Thanks for the D2D. Gastroscopy is usually performed under moderate or ‘conscious’ sedation. This is a state where patient is ‘put to sleep’ or sedated, but can be respond purposefully when called or touched. The medication is given through an intravenous line, and I adjust the dose accordingly to achieve the desired state of sedation.
This way, I ensure that just enough sedation is given, and I avoid the side effects and complications of the medication. Most of my gastroscopy procedures are completed within 15 minutes, so the total dose of medication I give is low. Hence, the sedation is safe and wears off quickly, allowing patients to return to normal activities quickly.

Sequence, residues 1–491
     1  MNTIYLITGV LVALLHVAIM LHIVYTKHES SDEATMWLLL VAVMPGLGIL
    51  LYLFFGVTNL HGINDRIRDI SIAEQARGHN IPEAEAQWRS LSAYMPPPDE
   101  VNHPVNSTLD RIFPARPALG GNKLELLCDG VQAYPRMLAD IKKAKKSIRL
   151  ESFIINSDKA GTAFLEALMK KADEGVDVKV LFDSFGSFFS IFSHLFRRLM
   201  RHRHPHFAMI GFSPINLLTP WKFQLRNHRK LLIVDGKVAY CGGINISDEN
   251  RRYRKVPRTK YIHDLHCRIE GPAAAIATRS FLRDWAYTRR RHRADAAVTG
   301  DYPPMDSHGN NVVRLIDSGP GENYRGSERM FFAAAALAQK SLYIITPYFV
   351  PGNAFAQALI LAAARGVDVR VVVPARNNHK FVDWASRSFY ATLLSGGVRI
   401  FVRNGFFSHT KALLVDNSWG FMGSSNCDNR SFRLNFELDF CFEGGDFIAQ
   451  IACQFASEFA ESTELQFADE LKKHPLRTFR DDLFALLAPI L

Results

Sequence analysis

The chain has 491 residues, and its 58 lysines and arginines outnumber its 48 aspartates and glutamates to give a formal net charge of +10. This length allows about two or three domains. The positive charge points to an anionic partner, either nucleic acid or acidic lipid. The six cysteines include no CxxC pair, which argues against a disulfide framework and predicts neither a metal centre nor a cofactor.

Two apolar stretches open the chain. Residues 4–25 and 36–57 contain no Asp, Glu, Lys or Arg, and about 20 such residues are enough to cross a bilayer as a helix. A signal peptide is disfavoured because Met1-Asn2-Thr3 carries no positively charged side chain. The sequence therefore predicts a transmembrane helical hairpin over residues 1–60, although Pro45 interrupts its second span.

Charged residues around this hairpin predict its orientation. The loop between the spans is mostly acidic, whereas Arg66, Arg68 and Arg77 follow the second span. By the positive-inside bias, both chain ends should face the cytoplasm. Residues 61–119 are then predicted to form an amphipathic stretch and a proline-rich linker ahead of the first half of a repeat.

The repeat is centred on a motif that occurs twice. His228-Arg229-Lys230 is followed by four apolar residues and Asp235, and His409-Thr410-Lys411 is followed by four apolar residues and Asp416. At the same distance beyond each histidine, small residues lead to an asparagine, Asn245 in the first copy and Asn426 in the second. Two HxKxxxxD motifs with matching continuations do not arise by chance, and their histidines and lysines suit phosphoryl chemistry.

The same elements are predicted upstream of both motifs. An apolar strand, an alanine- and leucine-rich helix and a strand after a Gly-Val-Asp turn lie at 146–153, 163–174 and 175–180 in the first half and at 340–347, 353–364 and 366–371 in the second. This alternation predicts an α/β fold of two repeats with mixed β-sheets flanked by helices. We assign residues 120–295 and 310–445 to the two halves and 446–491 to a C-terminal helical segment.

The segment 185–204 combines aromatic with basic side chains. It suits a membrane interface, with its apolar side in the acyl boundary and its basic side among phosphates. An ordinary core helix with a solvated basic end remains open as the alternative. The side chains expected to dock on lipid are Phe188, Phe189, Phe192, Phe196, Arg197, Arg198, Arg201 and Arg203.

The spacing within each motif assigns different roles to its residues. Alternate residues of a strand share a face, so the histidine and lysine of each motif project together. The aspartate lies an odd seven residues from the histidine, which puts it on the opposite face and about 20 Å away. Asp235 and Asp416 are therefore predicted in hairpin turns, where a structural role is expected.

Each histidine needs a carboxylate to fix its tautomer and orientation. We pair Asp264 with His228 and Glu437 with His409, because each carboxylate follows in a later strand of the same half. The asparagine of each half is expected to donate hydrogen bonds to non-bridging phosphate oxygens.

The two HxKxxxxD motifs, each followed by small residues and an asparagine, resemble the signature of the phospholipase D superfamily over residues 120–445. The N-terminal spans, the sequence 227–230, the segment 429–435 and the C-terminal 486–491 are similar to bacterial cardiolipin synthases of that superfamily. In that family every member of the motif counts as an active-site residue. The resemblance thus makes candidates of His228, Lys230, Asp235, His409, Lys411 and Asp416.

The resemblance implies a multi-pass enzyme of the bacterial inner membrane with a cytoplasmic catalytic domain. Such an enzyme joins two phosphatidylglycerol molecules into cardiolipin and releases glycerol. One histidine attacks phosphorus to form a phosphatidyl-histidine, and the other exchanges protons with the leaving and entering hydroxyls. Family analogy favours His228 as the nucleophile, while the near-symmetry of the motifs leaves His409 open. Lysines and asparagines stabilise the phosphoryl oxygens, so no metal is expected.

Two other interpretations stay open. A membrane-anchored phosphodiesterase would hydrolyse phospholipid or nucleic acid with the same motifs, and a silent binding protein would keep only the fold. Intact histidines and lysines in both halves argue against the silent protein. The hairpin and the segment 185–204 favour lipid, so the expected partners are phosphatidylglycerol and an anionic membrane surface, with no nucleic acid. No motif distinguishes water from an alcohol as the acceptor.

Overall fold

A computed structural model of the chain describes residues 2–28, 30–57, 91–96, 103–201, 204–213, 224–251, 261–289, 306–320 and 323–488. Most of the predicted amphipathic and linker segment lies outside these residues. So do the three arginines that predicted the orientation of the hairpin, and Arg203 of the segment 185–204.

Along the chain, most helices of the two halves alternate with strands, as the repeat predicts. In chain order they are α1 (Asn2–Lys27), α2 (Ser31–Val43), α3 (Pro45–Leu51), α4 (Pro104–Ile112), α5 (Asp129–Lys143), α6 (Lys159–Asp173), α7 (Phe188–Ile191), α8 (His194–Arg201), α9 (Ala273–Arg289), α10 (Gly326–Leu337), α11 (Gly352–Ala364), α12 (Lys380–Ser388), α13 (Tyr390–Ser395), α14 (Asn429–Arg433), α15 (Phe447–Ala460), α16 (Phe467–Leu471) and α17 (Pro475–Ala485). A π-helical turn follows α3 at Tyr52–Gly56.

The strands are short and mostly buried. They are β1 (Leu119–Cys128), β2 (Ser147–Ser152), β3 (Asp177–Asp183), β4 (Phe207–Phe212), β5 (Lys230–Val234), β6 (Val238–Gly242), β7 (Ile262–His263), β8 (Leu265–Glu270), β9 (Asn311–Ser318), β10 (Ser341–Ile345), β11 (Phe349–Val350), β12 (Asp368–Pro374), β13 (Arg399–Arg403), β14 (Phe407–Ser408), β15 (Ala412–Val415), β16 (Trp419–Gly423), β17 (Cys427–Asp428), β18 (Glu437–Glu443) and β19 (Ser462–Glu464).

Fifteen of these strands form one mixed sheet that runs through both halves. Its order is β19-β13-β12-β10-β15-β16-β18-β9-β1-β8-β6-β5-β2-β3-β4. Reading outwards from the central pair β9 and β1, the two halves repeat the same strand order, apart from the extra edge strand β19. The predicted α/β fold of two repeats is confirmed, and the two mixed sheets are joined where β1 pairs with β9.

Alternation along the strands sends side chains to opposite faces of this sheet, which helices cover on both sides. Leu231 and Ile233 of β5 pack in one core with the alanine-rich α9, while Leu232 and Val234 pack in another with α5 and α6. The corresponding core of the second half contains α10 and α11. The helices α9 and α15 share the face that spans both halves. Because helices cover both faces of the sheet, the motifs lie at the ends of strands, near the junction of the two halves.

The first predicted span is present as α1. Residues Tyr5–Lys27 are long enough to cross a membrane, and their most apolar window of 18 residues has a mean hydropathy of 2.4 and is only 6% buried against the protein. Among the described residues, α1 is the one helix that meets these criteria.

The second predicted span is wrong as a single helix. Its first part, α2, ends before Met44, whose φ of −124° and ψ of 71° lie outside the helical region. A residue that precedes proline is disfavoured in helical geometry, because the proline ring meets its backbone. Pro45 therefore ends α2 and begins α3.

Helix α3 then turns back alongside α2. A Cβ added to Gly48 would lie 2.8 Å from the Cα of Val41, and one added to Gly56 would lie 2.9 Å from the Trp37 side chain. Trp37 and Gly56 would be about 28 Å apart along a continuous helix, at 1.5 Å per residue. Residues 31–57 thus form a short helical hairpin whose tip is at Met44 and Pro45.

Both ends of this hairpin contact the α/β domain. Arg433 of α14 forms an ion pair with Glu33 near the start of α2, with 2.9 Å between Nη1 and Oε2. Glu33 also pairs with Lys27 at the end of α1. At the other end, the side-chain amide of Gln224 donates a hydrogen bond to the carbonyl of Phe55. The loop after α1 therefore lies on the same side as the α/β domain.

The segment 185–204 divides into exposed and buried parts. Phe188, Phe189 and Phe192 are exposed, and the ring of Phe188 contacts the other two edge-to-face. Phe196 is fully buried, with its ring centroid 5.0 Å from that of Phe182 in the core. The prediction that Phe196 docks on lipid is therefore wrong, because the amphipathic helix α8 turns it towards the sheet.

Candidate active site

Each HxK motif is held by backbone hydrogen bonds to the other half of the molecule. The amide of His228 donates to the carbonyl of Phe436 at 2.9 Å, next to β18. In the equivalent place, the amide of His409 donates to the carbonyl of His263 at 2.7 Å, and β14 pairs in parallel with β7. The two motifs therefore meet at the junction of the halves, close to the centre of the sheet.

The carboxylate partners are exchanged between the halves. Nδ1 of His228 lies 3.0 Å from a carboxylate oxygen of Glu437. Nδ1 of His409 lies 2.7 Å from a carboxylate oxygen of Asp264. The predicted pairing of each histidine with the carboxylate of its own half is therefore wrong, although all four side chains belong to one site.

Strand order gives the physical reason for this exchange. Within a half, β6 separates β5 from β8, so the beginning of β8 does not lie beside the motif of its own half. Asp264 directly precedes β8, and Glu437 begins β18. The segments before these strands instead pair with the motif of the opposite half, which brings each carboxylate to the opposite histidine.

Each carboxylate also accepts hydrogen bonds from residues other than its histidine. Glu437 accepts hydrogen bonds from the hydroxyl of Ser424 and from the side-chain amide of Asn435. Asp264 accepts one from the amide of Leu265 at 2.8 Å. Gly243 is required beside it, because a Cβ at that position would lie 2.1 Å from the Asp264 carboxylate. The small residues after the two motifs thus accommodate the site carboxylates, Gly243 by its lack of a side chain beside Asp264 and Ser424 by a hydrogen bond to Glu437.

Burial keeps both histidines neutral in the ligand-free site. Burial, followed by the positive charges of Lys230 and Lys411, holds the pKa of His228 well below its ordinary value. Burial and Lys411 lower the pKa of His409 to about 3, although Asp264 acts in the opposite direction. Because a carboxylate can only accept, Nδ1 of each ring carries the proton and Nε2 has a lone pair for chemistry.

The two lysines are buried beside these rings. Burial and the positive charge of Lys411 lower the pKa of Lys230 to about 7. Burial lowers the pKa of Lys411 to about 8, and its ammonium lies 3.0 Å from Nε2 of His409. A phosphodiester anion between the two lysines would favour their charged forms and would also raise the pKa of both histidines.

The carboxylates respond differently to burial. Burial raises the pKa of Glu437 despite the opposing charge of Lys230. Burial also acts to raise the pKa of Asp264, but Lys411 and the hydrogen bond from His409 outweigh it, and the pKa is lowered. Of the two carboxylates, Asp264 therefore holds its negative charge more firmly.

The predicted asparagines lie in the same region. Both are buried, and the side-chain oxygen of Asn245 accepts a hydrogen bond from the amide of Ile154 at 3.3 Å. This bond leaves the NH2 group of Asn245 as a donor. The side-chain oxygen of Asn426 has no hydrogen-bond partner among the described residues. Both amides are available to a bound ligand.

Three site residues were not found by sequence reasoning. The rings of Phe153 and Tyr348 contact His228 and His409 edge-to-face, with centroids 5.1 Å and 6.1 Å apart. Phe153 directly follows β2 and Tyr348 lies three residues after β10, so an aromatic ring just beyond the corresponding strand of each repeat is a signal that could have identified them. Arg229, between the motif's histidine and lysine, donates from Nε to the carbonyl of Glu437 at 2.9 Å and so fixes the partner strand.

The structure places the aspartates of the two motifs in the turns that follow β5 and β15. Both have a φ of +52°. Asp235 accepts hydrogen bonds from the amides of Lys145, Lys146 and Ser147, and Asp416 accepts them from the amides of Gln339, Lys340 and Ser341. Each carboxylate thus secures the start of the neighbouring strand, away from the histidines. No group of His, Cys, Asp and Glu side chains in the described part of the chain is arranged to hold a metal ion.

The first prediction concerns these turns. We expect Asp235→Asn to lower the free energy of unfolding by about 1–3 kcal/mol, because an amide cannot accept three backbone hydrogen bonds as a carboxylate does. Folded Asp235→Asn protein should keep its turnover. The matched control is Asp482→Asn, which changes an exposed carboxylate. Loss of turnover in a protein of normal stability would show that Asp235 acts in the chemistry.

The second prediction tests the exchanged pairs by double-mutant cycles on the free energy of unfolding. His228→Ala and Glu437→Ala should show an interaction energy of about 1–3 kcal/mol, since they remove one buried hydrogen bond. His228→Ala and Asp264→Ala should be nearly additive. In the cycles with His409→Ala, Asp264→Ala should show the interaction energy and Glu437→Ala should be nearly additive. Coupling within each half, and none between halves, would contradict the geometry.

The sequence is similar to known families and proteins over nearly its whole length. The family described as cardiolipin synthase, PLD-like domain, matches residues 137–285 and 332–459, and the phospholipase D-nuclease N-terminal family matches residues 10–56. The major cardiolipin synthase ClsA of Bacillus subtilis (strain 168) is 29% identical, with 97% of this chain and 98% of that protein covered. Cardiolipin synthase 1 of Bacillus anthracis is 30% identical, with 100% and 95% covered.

With effective sedation, gastroscopy is a painless procedure. Patients are comfortable throughout the procedure, and the gag reflux is usually not elicited.
After the gastroscopy, 20-40% of patients may complain of minor symptoms such as abdominal discomfort, bloating, nausea, headache and sore throat. These usually resolve the next day.
Less than 10% of patients complain of such symptoms, and mostly after complex or advanced procedures. Over 95% of my patients are fully awake and back to normal activities within the hour.